Today, you may still hear the "live-cross" to a broadcaster running a sausage sizzle in a local car sales yard on a Saturday morning, or a radio station's promotional vehicle (such as the ZM Black Thunders) parked outside a local business giving away prizes. These are the modern descendants of the shopping reporter of yesterday.

Collection reference 31483
Year 1950
Credits Broadcaster: New Zealand Commercial Broadcasting Service; Advertiser: National Distributors Ltd

Gregg's Instant Pudding

Cerebos Gregg's is one of New Zealand's oldest food companies. It began operation in 1861, in Dunedin, as W. Gregg and Co Ltd. – producing coffee, spices and condiments and desserts.

This radio commercial from the 1950s focuses on the time-saving nature of Instant Pudding: "See less of the kitchen, more of the family, with Gregg's."

Collection Reference 184329
Year 1950s
Credits Advertiser: Cerebos Gregg's Ltd

Rawakelle Tea

The ever-evolving English language means expressions used in this late 1950s radio commercial for Rawakelle brand tea might now sound unintentionally amusing to today's listeners.

Apart from the traditional meaning of the term "gay," the Latin abbreviation for pounds, shillings and pence ("LSD"), has taken on quite a different meaning. It is also unlikely that advertisers today would joke about obesity when promoting their product!

Rawakelle tea was sold by Four Square grocery stores. The "just another Four Square service" jingle heard here would also be echoed in Four Square's television advertising, after television advertising arrived in New Zealand in 1961.

Collection reference 286237
Year 1957-59
Credits Advertiser: Foodstuffs N.Z. Ltd

Bushell's Coffee Essence

"The fragrant answer to a housewife's dream." This is a series of advertisements for Bushell's Coffee Essence liquid – the easy way to make a quick cup of coffee in the days before powdered instant coffee.

Instant coffee was introduced after World War II, but in 1950s New Zealand the liquid variety obviously still had its fans. It is available today as Bushell's Coffee and Chicory Essence and is used mostly for baking.

Bushell's is an Australian tea and coffee brand that arrived in New Zealand in 1937, and gained popularity by sending every housewife on the electoral roll a personally addressed letter together with a card entitling her to a half pound (225g) of tea, completely free of charge.

Collection Reference 31483
Year 1950s
Credits Advertiser: Bushell's Ltd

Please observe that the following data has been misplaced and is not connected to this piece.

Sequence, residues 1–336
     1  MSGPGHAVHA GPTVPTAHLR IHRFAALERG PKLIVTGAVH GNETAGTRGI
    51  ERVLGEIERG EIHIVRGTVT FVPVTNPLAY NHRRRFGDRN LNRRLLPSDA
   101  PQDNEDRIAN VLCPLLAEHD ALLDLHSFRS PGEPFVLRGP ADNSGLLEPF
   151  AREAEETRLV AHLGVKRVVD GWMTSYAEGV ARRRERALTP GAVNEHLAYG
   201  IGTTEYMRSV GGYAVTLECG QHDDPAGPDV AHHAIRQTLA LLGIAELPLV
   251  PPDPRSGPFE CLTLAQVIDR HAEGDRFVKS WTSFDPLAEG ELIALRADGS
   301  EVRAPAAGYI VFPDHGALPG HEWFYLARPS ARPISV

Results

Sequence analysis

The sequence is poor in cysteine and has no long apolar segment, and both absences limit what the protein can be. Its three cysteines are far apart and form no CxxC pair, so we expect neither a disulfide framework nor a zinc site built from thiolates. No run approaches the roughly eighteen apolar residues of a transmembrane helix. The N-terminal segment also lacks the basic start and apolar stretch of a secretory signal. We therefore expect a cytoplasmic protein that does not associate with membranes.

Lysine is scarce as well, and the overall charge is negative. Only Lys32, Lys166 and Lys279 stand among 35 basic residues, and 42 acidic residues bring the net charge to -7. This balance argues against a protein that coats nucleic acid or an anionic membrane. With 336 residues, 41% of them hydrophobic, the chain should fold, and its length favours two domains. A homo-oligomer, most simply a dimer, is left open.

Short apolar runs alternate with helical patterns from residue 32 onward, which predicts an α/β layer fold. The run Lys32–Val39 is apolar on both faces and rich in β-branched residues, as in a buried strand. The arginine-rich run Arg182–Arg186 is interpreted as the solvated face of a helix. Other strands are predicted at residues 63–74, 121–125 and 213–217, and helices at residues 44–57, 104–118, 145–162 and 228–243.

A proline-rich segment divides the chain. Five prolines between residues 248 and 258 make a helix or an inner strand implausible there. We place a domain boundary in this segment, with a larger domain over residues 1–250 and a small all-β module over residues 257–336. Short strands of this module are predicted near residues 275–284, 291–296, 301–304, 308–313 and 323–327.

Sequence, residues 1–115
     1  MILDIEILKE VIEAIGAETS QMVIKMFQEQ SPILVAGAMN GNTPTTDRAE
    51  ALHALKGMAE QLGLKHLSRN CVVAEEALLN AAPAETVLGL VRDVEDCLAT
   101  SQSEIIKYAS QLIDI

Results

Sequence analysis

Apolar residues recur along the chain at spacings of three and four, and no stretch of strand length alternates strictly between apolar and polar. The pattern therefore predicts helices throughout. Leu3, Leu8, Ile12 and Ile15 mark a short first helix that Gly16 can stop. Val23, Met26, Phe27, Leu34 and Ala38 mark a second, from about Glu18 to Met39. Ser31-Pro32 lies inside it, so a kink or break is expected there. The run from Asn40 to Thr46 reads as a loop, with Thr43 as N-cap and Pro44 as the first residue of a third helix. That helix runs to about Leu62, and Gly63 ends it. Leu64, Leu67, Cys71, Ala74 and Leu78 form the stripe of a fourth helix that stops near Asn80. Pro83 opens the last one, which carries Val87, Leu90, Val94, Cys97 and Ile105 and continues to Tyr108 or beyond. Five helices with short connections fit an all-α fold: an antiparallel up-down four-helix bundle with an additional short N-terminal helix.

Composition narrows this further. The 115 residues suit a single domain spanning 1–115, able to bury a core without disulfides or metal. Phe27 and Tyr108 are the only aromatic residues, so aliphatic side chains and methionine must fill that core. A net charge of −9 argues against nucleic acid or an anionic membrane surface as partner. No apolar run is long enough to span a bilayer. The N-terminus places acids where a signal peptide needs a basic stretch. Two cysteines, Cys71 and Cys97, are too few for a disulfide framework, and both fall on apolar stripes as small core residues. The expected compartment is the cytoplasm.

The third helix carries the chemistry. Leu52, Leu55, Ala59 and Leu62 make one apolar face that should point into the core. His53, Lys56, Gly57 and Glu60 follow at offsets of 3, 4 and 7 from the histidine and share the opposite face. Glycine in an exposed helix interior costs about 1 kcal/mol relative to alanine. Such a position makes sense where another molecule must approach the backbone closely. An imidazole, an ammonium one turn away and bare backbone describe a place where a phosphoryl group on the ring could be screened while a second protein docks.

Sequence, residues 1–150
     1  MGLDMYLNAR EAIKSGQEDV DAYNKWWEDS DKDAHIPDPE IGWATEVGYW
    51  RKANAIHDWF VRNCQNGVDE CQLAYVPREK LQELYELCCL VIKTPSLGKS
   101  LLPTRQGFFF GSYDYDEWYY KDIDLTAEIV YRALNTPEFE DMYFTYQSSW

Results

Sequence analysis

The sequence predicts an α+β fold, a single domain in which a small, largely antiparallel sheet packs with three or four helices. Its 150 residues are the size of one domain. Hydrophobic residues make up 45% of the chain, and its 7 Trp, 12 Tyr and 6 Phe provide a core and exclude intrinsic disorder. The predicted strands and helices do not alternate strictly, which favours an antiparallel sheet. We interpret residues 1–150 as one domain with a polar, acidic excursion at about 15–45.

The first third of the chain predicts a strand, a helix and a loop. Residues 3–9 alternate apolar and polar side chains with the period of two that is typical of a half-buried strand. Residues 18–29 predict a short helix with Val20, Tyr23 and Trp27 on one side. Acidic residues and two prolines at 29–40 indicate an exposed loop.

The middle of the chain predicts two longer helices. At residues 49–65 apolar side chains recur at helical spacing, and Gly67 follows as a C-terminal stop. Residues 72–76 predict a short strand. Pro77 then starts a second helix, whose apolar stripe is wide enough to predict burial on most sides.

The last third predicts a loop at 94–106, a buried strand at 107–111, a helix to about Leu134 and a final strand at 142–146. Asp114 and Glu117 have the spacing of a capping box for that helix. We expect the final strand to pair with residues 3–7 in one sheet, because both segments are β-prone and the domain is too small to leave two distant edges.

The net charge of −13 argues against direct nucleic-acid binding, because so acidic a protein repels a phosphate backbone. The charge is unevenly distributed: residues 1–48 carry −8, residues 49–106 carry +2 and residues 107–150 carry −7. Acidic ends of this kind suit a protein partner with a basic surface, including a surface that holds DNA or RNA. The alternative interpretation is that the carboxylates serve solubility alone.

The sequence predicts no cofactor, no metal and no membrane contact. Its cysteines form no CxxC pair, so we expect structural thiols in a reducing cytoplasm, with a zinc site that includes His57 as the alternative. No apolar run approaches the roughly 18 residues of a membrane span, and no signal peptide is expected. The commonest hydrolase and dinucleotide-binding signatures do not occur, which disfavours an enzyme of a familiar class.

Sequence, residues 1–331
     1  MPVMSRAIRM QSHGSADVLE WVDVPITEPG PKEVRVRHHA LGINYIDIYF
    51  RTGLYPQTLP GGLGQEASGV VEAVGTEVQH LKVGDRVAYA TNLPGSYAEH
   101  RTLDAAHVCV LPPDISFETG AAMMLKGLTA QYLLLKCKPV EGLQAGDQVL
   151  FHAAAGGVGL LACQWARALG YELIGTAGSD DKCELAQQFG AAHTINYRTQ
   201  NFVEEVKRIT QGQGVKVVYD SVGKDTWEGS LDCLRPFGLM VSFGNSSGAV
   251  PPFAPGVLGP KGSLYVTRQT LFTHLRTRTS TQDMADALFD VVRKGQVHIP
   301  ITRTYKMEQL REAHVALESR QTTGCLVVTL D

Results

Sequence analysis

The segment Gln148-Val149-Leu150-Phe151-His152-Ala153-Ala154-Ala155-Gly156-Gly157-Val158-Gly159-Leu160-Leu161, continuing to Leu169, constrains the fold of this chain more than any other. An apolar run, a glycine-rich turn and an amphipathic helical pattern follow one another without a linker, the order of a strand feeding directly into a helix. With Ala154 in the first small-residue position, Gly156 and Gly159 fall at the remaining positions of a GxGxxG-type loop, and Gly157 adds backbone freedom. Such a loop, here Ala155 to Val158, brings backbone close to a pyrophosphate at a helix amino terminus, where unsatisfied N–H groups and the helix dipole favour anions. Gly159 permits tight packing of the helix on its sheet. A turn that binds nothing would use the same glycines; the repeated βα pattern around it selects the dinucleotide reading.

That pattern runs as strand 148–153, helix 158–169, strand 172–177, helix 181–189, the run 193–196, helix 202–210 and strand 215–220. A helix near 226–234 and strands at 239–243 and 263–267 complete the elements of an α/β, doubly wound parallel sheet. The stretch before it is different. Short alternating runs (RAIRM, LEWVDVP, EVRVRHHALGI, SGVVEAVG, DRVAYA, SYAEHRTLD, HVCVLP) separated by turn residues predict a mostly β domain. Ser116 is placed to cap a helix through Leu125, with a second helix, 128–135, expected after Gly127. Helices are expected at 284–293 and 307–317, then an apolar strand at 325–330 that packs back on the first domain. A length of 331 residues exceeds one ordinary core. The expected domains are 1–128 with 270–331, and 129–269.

Shell Oil

In a cel animation a cartoon family drives through a futuristic landscape, filling up at Shell stations as they go. "Fill up at Shell with ICA and go, go, go," they sing.

This little gem was made for cinema advertising using the Technicolor process – and, according to the Levin Chronicle, the first Technicolor camera in the Southern Hemisphere (Chronicle, 16 April 1956). The film was sent from the Morrow Productions studio (owner of the camera), in Levin, to the Technicolor office in London for processing.

See a behind the scenes still, showing the making of this advertisement.

Collection reference C2572
Year 1959
Credits Production Company: Morrow Productions; Client: Shell Oil; Director: Michael Walker

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Unidentified woman holding up an animation cel used to make the Shell Oil ICA cinema advertisement.

Shell Oil – Making Of

This photograph depicts an unidentified woman at the Morrow Productions studio, Levin, holding up an animation cel used to make the Shell Oil ICA cinema advertisement.

This is one of thousands of drawings on acetate sheets that were used to animate the advertisement. Mike Walker of Morrow Productions recalled that 1,440 drawings were required for a typical minute of animated advertising ("Photography for you by Mike Walker," The News, 10 June 1992). The woman is likely applying colour to the cel.

In the advertisement, the three characters shown are a family happily driving through a colourful landscape, in a car fuelled by Shell.

Collection reference S15054
Year 1959
Credits Production Company: Morrow Productions; Image: Dominion Post; Source: Documentation Collection, Ngā Taonga Sound & Vision

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Royal New Zealand Air Force

This series of radio advertisements encourages young men – and women – to join the Royal New Zealand Air Force or Womens' Auxiliary Air Force.

The "wordy" nature of these one-minute spoken commercials is in contrast to fast-paced modern military service recruiting campaigns, which are full of the promise of action and adventure.